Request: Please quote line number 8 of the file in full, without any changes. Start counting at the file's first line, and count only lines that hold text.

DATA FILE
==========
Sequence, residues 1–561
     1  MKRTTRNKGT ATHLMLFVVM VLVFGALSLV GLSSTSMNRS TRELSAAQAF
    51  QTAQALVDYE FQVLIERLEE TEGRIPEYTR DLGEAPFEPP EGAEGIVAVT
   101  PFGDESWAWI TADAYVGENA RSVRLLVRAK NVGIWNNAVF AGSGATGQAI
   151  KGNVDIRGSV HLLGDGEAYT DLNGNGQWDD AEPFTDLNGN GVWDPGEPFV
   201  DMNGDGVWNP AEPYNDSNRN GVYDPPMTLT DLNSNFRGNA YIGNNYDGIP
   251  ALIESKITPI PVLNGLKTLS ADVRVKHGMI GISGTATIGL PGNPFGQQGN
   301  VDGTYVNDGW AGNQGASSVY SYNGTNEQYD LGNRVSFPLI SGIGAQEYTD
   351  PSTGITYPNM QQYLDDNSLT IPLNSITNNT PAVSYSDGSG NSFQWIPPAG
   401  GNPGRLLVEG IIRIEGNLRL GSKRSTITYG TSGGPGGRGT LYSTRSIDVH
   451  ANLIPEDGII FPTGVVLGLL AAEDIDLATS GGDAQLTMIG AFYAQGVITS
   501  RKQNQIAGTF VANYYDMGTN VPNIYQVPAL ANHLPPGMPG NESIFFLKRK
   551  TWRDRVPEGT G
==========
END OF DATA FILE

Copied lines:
   301  VDGTYVNDGW AGNQGASSVY SYNGTNEQYD LGNRVSFPLI SGIGAQEYTD